I still do believe that the Aeropress is about the most darned versatile, hackable, fruitfully extensible brewing device there is. I do far more Hario pourovers nowadays for my own cups, but we've reverted at the farmer's market from using the Hario to using the Aero, after a two year hiatus -- and embracing that even though it's a bit tougher in a sink-less environment to clean between presses.

What I'm really excited about this year, is dialing in the new Breville Smart Grinder I picked up to replace the now-dilapidated veteran of 8 years of market grinding (Solis Maestro Plus). By my calculations that thing ground over 600 lbs of coffee in its life. No burr replacement. Stunning. But the Breville is a better grinder, judging by the grind itself. Whether it can hold up, I don't know. Anyway, it grinds more consistently and interestingly enough, that's challenging my knowledge of the Aero. I knew the Aero's capability with a fine whirly grind (travel kit) as well as the Baratza, but neither of those approach the Breville's consistency across a significant range of grind.

Yada yada.
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CaptainCowPie
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CaptainCowPie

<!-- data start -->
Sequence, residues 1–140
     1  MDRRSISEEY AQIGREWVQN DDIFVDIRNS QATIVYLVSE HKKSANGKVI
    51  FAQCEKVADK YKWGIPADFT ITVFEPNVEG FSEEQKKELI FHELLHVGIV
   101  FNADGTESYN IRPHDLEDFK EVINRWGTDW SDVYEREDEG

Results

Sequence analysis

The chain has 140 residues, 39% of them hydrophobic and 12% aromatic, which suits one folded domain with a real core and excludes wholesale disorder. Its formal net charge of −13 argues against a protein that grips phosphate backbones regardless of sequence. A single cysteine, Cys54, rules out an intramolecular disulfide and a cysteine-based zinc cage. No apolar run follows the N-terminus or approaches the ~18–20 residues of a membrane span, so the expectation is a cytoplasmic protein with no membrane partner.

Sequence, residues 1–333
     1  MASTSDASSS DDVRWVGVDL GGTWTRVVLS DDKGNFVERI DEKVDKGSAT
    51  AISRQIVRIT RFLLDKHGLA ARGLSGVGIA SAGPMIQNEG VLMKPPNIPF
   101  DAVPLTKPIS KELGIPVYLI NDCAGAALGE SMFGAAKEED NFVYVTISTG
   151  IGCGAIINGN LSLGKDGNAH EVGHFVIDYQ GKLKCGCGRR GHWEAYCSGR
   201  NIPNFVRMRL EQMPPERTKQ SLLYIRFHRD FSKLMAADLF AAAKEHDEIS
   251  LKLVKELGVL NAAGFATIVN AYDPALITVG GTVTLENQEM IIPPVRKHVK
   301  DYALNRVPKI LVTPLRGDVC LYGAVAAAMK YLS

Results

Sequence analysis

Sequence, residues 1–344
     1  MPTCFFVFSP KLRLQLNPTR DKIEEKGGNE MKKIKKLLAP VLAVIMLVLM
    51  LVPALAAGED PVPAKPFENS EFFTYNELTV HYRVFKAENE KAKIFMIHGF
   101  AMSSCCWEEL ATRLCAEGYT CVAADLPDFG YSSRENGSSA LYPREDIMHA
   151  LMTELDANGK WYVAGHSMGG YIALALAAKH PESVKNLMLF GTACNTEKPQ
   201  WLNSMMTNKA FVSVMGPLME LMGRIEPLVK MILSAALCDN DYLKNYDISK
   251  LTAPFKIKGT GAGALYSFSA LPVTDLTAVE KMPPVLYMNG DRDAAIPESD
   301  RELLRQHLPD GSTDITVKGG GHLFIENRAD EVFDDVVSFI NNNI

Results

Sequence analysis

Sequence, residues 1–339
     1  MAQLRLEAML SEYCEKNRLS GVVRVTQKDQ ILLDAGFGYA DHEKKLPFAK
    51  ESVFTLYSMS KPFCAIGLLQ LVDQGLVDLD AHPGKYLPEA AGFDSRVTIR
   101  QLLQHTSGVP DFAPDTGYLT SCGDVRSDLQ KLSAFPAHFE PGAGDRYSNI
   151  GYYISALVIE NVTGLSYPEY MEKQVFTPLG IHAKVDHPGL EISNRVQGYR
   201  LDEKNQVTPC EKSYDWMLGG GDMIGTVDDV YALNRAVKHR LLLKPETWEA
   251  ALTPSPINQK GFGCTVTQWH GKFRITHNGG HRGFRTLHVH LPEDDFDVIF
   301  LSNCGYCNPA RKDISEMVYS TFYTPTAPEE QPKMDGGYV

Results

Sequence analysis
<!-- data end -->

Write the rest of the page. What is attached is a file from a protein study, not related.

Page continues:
Joined: 12 Dec 2005
Posts: 75
Location: Charlottesville, VA
Expertise: I live coffee

Espresso: Mypressi Twist
Grinder: Super Jolly
Vac Pot: Not Yet
Drip: Aeropress & Bonavita...
Roaster: Heat Gun / Bread Machine
Posted Wed Feb 19, 2014, 7:40am
Subject: Re: Aerobie Aeropress
 

jpender Said:

Normally when you add hot water to the coffee the grounds are initially exposed to the full brew water temperature. Pretty quickly the slurry equalizes at a lower temperature and then continues to slowly decrease over time. But if you pour in the water first, heat is transferred to the plastic and so the water is cooler when the coffee grounds are first exposed to it. If you used the same initial water temperature the slurry will equalize to the same temperature but the initial transient exposure temperature will be lower. Preheating the Aeropress will reduce this effect somewhat..

Posted February 18, 2014 link

That makes sense. I am going to have to experiment with that a little to see if I notice a difference or not.

Thanks,
Vince